The central theme of the book, according to me, is the message of peace and hope. Manuscript found in Accra is the transcription of a document Paulo Coelho received from the son of an English archaeologist Sir Walter Wilkinson who discovered it in 1974 in Egypt. The origin of the manuscript was traced to a place called Accra, outside the Egyptian territory.

                  “I fell asleep and dreamed that life was only
                   Happiness.
                   I woke and discovered that life was
                   Duty
                   I did my Duty and discovered that life was
                   Happiness.       (Page 118)

Manuscript found in Accra, Paulo Coelho, HarperCollins, 2013, 194 pages

Available at www.harpercollins.co.uk  / www.harpercollins.co.in  or nearest book store.


                                                                                                         © Sibichen K Mathew
Click to read some of my other book reviews

Aleph, Paulo Coelho and my Friend: The Journey Within






7 comments:

  1. Nice review. I went through a similar thought process while reading it. I also felt it was similar to The Prophet by Kahlil Gibran.

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    Replies
    1. Thanks a lot. Delighted to know that you had similar thoughts.

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  2. Heard mixed reviews about this one. After one phase of only Coelho books, now I am off them, most of them seems to speak the same language. Maybe I shouldn't be surprised :)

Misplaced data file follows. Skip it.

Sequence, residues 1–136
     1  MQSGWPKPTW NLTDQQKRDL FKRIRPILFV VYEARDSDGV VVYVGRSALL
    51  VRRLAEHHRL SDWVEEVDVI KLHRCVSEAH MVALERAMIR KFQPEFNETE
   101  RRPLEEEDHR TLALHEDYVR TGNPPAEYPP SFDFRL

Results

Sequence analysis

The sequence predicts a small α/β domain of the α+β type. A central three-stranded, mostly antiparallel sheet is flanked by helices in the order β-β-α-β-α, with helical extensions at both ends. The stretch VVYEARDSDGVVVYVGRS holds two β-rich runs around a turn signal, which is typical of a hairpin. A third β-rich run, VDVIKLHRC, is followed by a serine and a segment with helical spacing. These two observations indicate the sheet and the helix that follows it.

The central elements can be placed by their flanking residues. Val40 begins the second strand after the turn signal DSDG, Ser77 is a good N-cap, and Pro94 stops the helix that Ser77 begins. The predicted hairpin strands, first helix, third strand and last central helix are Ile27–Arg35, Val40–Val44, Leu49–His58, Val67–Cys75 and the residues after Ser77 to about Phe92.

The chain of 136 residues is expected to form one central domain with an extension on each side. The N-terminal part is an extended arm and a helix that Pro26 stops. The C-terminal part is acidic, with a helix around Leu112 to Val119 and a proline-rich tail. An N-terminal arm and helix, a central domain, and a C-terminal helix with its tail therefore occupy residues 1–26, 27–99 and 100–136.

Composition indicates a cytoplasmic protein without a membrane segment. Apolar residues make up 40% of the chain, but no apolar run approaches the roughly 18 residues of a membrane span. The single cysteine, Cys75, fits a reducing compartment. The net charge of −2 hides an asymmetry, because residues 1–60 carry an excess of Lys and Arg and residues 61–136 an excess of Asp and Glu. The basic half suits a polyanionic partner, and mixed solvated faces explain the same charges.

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  3. I'm yet to read this one. I'm in a dilemma now after this review of yours. But I do believe that if I should read read this one, then it will happen.

    Joy always,
    Susan

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    1. Read this book slowly. If required twice. You would enjoy it the second time!Thanks Susan

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  4. Good Morning Sibi,

    Just a little note to thank you for sharing your book review link.


    I enjoyed all of Paulo's books very much and like you, read Manuscript Found In Accra, twice. Also, just finished rereading The Alchemist!
    It's precious how the books touch readers in unique ways.

    I'm really not so great with words, but feeling very hopeful and inspired about accepting my contradictions. Even embracing them. Learning how to be a little more patient too.
    Rediscovering (and at once discovering for the first time) the beauty of simplicity.
    Like walks outdoors, visits with family, coffee with friends, grand children's laughter.

    Smiled when reading what you shared about dreams.

    Have a wonderful day,
    Love,
    Jane







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    Replies
    1. Thanks a lot Jane for your wonderful words straight from the heart. As you rightly said, in spite of various contradictions in life, let us rediscover the beauty of simplicity and life's finer emotions. You know Paulo and his messages so closely for many years and have read all his books. Therefore, your comments are very valuable for me. Thanks once again Jane